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A return to mechanical solidarity: panic hoarding and social media in the time of pandemic

Faculty Advisor




panic hoarding, social media, COVID-19

Abstract (summary)

The emergence of the Covid-19 pandemic brought many changes to daily life in Canada. One such behavior that surfaced was what could be defined as ‘panic hoarding,’ namely, the purchasing of items such as toilet paper, sanitizer and disinfectant in far greater quantities per person than other times, which risked the creation of shortages across communities. In order to understand such behavior, this article will use ideas from Émile Durkheim to analyze the relationship of social media and its impact on the behavior of panic hoarding. In particular, Durkheim’s concepts of collective consciousness show how social media provides enough impetus to make the case that this pandemic is better defined by mechanical than organic solidarity. We can see social media as the vehicle through which collective consciousness can be experienced, and more immediately so at this time, insofar as we see how it influences panic hoarding behavior. We can also see that social media’s use of memes can be likened to totems, and that they give clues to the values we hold at this time.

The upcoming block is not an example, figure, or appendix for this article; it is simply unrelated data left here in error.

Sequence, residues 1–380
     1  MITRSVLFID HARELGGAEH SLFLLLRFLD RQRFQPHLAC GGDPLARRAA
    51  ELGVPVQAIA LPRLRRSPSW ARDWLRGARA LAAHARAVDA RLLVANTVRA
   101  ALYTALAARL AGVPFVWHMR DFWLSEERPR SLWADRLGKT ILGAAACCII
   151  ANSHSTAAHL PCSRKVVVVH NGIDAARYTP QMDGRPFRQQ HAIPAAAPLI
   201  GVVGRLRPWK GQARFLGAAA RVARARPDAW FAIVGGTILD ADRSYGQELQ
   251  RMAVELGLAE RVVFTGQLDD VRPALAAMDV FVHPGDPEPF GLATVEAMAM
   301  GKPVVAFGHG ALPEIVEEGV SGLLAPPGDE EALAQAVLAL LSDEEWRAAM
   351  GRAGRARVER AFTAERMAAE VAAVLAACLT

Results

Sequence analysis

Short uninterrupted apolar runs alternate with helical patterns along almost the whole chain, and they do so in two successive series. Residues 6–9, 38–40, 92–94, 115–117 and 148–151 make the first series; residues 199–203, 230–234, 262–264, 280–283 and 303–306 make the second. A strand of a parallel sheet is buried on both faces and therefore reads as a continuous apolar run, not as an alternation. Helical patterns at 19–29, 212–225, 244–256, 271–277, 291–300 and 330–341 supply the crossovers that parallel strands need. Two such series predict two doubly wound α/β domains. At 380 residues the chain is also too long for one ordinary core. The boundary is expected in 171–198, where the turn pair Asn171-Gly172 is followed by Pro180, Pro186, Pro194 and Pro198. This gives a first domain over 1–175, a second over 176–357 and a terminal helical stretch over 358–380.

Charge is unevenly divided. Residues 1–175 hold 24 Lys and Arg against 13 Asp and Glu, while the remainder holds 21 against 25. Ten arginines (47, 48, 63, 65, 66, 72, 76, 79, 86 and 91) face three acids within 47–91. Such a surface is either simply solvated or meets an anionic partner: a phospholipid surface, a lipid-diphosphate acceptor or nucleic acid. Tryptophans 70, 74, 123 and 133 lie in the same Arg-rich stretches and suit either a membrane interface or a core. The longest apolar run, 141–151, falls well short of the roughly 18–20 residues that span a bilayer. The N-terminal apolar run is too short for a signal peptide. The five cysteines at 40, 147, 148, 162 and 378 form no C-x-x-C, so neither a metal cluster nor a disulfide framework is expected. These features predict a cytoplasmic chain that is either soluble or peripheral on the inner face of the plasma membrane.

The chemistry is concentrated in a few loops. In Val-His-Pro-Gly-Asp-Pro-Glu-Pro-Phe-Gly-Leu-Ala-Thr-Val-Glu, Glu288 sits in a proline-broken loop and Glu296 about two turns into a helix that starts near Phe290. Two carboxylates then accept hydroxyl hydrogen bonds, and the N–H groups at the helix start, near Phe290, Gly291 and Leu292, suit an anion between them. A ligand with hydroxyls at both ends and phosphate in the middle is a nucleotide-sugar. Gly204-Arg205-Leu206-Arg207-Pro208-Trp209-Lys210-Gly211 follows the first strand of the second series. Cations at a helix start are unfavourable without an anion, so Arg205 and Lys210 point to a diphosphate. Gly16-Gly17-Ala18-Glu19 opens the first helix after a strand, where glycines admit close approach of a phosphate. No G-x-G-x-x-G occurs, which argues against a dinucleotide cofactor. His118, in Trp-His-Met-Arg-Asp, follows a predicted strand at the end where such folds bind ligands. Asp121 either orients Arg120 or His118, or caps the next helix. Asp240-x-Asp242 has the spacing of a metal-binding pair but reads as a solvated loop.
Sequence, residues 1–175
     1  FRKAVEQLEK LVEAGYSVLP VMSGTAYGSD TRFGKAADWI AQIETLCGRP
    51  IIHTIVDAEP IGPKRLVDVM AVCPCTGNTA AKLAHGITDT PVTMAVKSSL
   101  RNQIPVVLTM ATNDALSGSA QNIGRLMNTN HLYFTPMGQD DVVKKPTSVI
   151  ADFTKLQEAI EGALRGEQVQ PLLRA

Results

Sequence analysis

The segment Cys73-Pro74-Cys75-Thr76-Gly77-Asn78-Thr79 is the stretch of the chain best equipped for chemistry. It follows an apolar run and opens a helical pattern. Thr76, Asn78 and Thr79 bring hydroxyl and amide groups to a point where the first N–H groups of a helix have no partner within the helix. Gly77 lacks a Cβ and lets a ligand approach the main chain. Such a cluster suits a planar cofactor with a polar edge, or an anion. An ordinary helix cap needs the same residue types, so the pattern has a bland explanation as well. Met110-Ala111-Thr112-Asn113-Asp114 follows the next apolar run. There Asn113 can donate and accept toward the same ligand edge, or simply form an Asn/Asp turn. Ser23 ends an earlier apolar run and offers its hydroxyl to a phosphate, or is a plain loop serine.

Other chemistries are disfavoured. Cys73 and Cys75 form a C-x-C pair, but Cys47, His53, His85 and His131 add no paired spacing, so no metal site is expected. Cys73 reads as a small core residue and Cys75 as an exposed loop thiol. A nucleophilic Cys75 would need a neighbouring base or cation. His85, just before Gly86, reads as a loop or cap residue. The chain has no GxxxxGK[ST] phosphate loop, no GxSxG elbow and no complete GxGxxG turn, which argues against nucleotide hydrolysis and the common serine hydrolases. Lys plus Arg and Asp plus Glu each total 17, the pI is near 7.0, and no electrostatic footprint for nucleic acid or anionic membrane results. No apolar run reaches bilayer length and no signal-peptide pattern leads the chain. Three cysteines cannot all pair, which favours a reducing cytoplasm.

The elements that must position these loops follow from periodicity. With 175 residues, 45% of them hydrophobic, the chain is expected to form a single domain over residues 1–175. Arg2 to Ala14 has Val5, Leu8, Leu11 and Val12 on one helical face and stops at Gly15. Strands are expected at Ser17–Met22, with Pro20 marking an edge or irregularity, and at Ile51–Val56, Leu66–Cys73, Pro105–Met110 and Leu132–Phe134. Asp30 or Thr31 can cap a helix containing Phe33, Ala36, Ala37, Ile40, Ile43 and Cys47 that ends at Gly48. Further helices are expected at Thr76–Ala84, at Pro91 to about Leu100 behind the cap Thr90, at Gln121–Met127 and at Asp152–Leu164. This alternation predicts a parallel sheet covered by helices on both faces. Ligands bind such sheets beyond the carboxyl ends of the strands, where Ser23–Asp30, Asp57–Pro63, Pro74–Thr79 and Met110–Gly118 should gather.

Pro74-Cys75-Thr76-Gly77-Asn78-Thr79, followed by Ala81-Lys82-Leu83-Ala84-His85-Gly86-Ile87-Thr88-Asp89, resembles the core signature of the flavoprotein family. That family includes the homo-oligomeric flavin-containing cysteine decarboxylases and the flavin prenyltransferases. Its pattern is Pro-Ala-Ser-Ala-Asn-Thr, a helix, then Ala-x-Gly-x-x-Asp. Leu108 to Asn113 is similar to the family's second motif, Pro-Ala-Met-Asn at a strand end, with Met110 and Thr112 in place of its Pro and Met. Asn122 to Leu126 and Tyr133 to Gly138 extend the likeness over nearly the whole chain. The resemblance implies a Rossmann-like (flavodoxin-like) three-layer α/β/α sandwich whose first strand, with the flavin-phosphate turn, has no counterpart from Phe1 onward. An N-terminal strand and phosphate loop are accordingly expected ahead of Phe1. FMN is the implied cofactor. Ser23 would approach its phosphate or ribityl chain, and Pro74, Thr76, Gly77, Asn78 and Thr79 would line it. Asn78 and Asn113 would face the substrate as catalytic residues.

Publication Information

Anderson, Patricia. 2020. "A Return to Mechanical Solidarity: Panic Hoarding and Social Media in the Time of Pandemic." Crossing Borders: Student Reflections on Global Social Issues 2(1). doi:10.31542/cb.v2i1.1987


Item Type

Student Article




Attribution-NonCommercial (CC BY-NC)